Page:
Come, Labor OnPosted: September 12, 2010
My latest monthly “In Good Faith” column for the Hingham Journal was about Post-Labor Day Traumatic Stress Syndrome. Or something along those lines.
Come, Labor On
Can you hear it? That horrid sound is the grinding gears of the post-Labor Day schedule. The transition from the lazy, hazy days of summer back to reality is jarring. Goodbye sleeping in (how, exactly, is my new middle schooler going to make that 7:00 am bus?); dinners at the beach; and drinking an evening glass of red wine on the screened-in porch. Hello shorter days; pulling out my hair trying to help with homework that I could barely do when I was in middle school; and a family and work schedule that would make Paul Bunyan blush.
Unless you are immune to chaos – and if that’s the case, I’d like to come sit at your feet for awhile – the week after Labor Day is a shock to the system. The kids are back in school which is generally a good thing for everyone involved; certainly at my house. Never mind that getting them to that point was enough to cause my hairline to recede a bit more. Let’s just say that our boys are always less than enthusiastic about leaving behind the life of leisure to which they’ve become accustomed over the past couple of months (How old do they have to be to get a job at Nona’s or Crow Point Pizza?). Back to School supplies, Back to School clothes shopping, and Back to School sleep training are never welcomed with open hearts and minds. Rather, they resist like a bucking bronco (them) trying to throw a cowboy (us).
At the root of the protests, of course, is anxiety. Kids aren’t going to wax eloquent about the difficulty of change and transition. They whine. And starting a new school year is fraught with anxiety. For parents, this translates into the inconvenience of whiny and moody kids; for children, the first day of school can be an experience bordering on the traumatic. Sure they adapt quickly but it’s nerve-wracking to be put in a new environment with new teachers and new classmates. When we minimize their stress we’re not being fair to them.
Transitions are difficult for all of us, no matter the stage of life. And yet they are the stuff of life itself. We transition into this world and we transition out of this world. Growing into adulthood is one long transition full of hope and dreams and angst. We transition between relationships and jobs and homes. We transition through times of anguish and pain and ill health. We transition through the grief of lost loved ones. For Christians the ultimate transition is that which takes place on Easter: the transition from death to life. As believers, we will ultimately take that journey ourselves, sharing in the Resurrection to eternal life that is afforded us through faith.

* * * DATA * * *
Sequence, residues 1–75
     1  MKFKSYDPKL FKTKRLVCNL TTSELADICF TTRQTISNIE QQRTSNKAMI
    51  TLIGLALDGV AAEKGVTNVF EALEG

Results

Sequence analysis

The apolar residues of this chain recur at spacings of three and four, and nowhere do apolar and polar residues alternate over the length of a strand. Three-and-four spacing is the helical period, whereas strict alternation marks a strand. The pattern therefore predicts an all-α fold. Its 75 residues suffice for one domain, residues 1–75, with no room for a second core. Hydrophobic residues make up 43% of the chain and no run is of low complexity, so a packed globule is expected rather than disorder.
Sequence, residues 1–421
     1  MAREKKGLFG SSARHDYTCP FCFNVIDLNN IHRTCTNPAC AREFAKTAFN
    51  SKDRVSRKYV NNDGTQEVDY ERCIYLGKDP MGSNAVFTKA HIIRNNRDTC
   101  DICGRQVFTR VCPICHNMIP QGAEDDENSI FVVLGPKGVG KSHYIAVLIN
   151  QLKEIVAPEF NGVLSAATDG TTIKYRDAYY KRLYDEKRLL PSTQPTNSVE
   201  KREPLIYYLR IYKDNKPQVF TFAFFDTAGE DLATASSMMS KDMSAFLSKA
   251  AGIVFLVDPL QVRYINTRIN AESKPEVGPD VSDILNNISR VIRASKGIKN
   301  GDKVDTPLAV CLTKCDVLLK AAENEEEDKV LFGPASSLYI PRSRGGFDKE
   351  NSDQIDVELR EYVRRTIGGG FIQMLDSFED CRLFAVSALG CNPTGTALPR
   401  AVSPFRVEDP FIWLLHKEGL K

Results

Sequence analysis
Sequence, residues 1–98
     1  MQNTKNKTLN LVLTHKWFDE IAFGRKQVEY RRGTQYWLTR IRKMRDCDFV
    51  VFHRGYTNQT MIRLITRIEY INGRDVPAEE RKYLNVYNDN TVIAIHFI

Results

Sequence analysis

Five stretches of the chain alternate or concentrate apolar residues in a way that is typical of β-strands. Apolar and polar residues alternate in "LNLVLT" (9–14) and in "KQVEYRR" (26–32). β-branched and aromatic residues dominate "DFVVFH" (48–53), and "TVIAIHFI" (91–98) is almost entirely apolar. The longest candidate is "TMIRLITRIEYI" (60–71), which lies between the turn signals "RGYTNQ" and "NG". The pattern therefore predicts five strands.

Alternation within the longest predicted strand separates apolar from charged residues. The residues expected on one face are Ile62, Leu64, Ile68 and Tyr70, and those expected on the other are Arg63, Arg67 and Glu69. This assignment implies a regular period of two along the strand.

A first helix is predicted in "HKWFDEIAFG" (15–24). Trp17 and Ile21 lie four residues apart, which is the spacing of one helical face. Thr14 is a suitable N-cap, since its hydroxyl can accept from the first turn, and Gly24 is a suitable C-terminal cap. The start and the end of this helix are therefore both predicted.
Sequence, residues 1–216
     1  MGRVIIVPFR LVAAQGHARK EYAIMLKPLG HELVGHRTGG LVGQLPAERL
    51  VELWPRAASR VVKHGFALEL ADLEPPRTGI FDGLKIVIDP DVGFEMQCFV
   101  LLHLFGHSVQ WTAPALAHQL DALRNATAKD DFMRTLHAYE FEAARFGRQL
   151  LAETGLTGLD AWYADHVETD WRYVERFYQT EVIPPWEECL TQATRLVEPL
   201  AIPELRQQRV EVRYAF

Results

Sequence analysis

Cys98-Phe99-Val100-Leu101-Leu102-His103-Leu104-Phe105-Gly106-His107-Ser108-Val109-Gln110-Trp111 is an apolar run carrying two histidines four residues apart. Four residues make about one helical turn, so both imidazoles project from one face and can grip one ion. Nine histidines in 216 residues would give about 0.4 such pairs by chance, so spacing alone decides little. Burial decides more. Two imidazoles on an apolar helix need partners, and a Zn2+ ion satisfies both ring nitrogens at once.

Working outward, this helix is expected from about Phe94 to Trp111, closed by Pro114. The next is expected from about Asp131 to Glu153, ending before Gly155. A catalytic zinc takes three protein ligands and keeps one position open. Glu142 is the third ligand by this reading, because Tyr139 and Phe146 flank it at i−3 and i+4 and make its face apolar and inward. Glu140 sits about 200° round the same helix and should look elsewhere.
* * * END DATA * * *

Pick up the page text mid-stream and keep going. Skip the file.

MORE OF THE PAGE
Acknowledging that the myriad transitions we face are difficult, even when they are exciting, is important. Adults don’t have the luxury of whining in public – though it would have the added advantage of embarrassing our kids. But recognizing the conflicting emotions allows us to fully live in each moment rather than simply waiting for the return of an elusive stability. And unless you’re talking about your relationship with God or the foundation of your house, I find that stability is overrated. A truly stable life – if it exists – can be stagnant spiritually, emotionally, and physically. Without some sense of transition, there is precious little to live for.
God is well aware of the challenges of transition which may be why we’re even more attuned to the divine presence when things change. The loss of a loved one, a cross country move, being downsized from a job, making a mid-life career change, even having a child – these are all dramatic changes from the ordinary. But turning to God amid all the changes inherent in this life allows us to focus on the one rock of stability that endures through it all. And that’s a source of both strength and comfort.
In the meantime, I’m just trying to get through the month of September without losing my mind. Soon enough we’ll all settle back into the routine of daily life, that New England chill in the air will return, and dogs will be allowed back on Nantasket Beach.